In a recent KPMG Private Enterprise Tax article published in Bloomberg, “Could double taxation become the cost of doing business for private companies?”, we addressed the impact of rising cross-border tax reporting requirements on private companies around the world.
In particular, we drew attention to the observable increases in audit activity as a direct result of expanding international trade, increasing disclosure requirements and the rising number of situations where more than one jurisdiction is seeking to tax the same income.
In my view, the available dispute resolution options are not sufficient to adequately deal with the increase in international tax audits where more than one tax authority is involved. This is independent of the potential implementation of Pillar 2 which is likely to increase the need for better dispute resolution mechanism (and in fact, Pillar 2 is intended to include a dispute resolution mechanism).
At present, taxpayers have three main options to handle their international dispute resolution. The first option is to consider the application of international arbitration using an investment treaty. The availability of this option depends, among others, on the existence of an investment treaty between the taxpayer’s country of residence and the country of source and requires the matter in question to fall within the scope of the investment treaty in a way that would allow the taxpayer to invoke its arbitration provision. In practice, this route of action is still very limited.
The second option is for the taxpayer to seek remedy in a domestic court or tribunal. However, a domestic court or tribunal is useful only where a unilateral remedy is sufficient to resolve the double taxation.
This leaves us with the mutual agreement procedure in tax treaties. The main advantage is that this mechanism allows the tax authorities to discuss the double tax dispute directly and come to a resolution that is agreeable for both countries. The main disadvantage, apart from the potential high costs, the limited application of this process (95% of the cases in 2020 originated from only 25 jurisdictions out of 118 jurisdictions reviewed) and the length of process (average length 18 months to three years with many unresolved pre-2016 cases) is that the taxpayer is not a party to the process. The taxpayer (or one of the two tax authority) can initiate the process and present documentation to support its claim but is left completely outside of the process. The two countries then discuss behind closed doors and if they reach an agreement, present it to the taxpayer who can either accept it or reject it and if the latter option is taken, the taxpayer may not have much other options left as the passage of time might have closed other options.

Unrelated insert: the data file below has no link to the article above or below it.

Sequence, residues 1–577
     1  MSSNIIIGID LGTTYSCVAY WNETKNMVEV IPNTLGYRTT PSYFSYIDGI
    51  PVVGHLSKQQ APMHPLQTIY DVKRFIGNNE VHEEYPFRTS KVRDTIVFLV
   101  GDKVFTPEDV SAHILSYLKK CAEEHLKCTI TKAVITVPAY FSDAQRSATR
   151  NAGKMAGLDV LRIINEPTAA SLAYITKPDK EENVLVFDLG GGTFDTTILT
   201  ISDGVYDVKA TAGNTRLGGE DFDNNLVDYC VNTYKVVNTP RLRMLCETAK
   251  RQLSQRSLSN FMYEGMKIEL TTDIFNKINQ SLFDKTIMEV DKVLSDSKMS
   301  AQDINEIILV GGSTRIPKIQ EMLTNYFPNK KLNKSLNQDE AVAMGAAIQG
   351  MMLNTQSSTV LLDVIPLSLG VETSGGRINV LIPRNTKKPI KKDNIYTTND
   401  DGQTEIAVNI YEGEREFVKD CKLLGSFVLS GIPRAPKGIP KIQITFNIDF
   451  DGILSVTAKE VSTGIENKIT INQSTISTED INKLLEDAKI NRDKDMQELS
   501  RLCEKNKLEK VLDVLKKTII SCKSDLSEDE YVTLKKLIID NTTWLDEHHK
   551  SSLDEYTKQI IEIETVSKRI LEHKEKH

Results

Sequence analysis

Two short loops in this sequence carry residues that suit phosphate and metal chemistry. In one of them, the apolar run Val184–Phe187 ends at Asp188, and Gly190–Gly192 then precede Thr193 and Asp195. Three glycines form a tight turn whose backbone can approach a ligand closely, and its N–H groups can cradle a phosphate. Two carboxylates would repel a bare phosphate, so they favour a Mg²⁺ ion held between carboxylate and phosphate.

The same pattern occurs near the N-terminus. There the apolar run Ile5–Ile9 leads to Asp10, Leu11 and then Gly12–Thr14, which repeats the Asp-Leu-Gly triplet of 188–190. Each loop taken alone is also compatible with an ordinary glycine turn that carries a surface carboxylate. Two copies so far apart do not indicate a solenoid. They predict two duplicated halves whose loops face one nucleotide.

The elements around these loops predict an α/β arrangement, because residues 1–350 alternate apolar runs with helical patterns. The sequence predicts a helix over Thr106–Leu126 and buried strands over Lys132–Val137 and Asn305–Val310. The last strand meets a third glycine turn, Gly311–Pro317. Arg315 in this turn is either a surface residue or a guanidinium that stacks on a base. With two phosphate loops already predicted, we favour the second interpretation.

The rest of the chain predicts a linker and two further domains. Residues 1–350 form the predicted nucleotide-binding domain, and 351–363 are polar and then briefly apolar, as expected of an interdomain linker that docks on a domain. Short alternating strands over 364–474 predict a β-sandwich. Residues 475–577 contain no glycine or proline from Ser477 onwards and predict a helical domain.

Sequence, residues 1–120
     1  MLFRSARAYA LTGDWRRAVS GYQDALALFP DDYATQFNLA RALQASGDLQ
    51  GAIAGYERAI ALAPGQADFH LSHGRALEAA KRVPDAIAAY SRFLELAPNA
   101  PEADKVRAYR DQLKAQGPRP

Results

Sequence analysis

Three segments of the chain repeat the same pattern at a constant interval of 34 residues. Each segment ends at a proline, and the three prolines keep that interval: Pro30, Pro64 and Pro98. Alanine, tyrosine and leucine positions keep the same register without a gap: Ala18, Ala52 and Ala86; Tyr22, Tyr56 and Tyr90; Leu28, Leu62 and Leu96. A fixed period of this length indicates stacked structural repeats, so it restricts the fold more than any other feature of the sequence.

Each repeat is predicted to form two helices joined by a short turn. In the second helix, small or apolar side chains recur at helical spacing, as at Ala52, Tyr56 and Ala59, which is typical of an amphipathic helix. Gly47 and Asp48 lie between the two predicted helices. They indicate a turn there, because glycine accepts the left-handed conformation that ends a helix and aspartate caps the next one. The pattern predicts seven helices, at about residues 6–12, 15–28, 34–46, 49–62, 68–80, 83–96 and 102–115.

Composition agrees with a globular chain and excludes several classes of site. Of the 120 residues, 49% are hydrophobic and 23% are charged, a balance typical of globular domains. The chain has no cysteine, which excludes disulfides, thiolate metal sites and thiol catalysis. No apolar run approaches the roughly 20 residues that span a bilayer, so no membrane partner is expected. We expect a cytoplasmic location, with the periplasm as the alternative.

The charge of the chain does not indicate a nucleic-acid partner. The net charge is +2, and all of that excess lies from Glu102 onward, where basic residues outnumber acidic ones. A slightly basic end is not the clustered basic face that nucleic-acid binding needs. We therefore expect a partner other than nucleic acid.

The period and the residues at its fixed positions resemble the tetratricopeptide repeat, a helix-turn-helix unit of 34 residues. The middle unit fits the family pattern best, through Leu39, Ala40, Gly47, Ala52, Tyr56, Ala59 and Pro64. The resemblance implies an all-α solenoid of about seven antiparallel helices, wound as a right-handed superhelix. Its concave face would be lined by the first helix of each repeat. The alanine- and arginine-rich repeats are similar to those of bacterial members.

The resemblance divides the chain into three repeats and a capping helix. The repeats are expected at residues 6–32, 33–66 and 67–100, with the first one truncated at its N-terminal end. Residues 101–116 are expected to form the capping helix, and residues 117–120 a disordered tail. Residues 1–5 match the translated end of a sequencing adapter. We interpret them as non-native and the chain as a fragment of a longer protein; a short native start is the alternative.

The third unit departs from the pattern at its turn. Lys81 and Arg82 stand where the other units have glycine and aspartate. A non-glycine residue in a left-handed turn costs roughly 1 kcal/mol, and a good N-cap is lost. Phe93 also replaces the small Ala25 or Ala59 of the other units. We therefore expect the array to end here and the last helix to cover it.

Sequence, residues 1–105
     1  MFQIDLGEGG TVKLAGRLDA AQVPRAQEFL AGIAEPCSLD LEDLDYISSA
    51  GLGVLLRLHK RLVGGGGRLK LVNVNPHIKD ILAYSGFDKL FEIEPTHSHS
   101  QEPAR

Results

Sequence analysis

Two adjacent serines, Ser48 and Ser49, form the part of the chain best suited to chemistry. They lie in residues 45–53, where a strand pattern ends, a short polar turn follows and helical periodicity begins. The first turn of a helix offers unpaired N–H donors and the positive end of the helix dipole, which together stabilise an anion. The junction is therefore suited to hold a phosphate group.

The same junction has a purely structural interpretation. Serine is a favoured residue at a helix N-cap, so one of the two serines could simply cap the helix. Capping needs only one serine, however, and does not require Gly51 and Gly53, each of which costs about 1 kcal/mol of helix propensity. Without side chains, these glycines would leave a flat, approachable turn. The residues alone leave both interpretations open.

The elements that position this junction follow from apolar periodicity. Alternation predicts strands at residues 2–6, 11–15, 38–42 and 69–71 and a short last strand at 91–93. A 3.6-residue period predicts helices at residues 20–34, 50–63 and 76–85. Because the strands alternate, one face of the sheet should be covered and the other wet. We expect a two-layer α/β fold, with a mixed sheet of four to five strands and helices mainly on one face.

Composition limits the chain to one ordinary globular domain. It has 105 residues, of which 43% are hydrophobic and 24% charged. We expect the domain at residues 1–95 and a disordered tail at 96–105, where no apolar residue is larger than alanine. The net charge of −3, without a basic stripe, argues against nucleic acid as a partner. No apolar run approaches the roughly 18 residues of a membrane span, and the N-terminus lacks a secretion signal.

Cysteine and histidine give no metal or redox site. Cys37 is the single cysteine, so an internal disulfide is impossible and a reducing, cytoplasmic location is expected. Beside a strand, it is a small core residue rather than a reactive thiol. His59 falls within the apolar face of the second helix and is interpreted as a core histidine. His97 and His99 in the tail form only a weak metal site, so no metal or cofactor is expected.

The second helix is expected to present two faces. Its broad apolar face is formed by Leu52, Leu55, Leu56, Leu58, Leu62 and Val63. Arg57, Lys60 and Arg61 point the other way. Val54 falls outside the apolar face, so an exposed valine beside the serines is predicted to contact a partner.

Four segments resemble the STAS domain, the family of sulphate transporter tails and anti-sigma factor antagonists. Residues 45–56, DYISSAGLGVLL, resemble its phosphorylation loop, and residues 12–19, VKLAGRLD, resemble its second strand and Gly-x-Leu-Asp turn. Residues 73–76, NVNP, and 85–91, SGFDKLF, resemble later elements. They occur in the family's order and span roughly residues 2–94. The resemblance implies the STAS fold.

For these large companies, the disputes may represent several billions of dollars, which makes the required investment to challenge the case appropriate and reasonable. These large companies are likely to have also internal resources to handle tax matters and tax disputes at the same time. This is not the situation for smaller private companies, where the options are much more limited, internal resources scarcer and the monetary issues at stake are generally smaller compared to the expected costs. The dispute process itself may lead to expensive and lengthy conflicts with tax authorities in other jurisdictions (with the likelihood for a successful outcome and length of process changing depending on the identity of the jurisdictions involved), and there are few (if any) cost-effective alternatives to turn to.
The need for a more pragmatic approach
In fact, when (and if) the OECD Pillar 2 proposal is implemented, we expect there will be even more international controversy between taxpayers and jurisdictions (and among jurisdictions themselves) regarding the correct and appropriate allocation of cross-border income, which has the potential for increasing double taxation even further. The only possible exception is in the European Union, where mechanisms are already in place to resolve tax disputes between two or more member states.
If appropriate and pragmatic dispute resolution mechanisms are not introduced small to medium sized companies that are planning for significant growth through international expansion may need to accept the possibility of double taxation becoming part of their cost of doing business.
In our next posts we will explore how this change can come about, discussing several options, some of which were raised in past but not followed, either through improving the existing mutual agreement procedure or through alternative means.
Sound tax strategies are now more crucial than ever as private companies around the world face new opportunities and challenges arising from geopolitical shifts, globalization and new business demands. I invite you to visit the KPMG Private Enterprise tax website for further insights on navigating this changing tax landscape.